Ripakukko is another version of kalakukko, made in Rautalampi. A round handle, ‘ripa’, was baked inside the kalakukko, made of supple birch branches, and the food was carried by this handle during a trip to church. During the sermon, the kalakukko was hung from a tree next to the church. Other ingredients were also used for the filling aside from fish. These included beef, mutton, swedes, turnips, potatoes, cabbage, pork, lungs, udders, squirrel, barley and rice dumplings, snow, coarse salt, and heads of Baltic herring and herring.
Kalakukko has traditionally been eaten on Saturday evenings with kokkelipiimä – a traditional dish made of sour milk. According to the Atlas of Finnish folk culture, kalakukko and fish bread belong to the group ‘pastries cooked in a bread crust or prepared from raw fish by stewing’. According to this, the region covered the whole of Finland. In South Karelia and Kymenlaakso, the dish was called kalakukko or fish pie, in the Karelian regions of Lake Ladoga it was known by the name kalakurniekka. In Western Finland, it was called a fish bread, cake, bake or pie, among other names. However, the preparation method was different from the Eastern version. It was an everyday dish that gradually disappeared.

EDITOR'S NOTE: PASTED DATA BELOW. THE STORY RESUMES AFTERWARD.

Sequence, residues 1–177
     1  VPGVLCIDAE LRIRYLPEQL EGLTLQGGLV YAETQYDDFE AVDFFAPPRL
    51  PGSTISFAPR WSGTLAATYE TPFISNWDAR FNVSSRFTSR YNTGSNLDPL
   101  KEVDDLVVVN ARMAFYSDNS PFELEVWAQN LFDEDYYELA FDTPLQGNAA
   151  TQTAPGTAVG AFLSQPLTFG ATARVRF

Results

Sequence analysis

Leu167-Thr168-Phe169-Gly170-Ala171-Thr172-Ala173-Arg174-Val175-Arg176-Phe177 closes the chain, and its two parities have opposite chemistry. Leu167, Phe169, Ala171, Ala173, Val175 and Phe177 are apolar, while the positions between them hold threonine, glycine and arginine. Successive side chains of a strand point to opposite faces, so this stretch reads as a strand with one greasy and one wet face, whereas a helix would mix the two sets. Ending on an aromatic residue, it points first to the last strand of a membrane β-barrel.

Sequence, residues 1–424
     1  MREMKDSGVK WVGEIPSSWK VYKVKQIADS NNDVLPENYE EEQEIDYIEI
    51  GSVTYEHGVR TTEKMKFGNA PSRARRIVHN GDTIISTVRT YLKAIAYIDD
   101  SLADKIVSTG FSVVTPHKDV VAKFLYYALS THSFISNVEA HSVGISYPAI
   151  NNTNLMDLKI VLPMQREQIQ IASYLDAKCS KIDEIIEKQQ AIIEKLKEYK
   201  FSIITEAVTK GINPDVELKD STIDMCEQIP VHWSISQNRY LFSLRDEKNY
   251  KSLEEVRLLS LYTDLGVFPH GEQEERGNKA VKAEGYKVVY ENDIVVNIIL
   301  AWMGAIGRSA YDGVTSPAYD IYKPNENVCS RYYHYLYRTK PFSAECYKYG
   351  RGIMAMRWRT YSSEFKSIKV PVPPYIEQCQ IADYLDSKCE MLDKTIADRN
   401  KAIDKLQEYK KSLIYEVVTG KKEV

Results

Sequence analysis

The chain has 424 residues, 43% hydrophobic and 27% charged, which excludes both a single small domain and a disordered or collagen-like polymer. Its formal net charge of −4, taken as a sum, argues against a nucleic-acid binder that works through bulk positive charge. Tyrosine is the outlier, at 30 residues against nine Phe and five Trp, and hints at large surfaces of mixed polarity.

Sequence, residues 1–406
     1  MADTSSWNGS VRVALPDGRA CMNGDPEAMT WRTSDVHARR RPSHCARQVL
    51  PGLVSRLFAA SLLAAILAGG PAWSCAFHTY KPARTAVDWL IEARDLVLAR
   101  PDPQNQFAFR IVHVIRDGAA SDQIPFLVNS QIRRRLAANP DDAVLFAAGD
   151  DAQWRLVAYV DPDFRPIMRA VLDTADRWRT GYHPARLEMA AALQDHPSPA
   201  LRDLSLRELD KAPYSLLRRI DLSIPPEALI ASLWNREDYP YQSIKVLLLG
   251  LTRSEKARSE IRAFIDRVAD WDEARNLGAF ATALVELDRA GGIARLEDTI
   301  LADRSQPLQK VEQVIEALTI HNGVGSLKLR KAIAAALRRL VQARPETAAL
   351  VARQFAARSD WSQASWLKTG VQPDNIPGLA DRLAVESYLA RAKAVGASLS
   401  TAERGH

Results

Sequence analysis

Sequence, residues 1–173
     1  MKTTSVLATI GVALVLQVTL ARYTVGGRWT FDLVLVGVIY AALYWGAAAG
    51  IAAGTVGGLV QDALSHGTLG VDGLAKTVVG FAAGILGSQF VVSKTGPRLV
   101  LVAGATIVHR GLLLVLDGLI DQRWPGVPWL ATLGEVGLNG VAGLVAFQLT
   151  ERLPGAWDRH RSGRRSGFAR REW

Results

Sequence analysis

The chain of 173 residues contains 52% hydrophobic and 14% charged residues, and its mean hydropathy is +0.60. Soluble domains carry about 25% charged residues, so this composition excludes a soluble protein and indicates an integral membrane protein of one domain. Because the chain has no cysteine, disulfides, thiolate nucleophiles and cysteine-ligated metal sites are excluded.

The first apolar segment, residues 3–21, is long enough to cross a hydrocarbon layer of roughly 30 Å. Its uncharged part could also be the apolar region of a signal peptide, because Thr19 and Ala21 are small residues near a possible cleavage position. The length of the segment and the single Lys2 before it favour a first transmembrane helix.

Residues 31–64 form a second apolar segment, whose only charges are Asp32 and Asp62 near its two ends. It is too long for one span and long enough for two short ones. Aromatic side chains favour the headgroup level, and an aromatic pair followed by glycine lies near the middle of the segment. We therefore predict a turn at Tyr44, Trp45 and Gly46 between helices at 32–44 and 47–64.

In the regions of Eastern Finland, kalakukko was a very clever dish that was baked in the ovens used for heating buildings, while the bountiful fishing waters of the surrounding lakes guaranteed the fish for the filling. The first recipe for kalakukko was presented in a cookbook by Anni Olson in 1893. The book states that the dish is a common, traditional food in Savonia and Karelia. The price for the kalakukko ingredients listed in Olson’s recipe was 1 Finnish markka. According to the recipe, slices of turnips or swedes, fresh cabbage or sauerkraut with grits, liver with grits and other ingredients could also be used for the filling.
The transmission of the tradition
In 2002, the name kalakukko became protected by the European Union. The label Traditional Speciality Guaranteed (TSG) highlights the traditional composition or production method of the product. It can be produced in any EU country, but the product must adhere to the registered production method.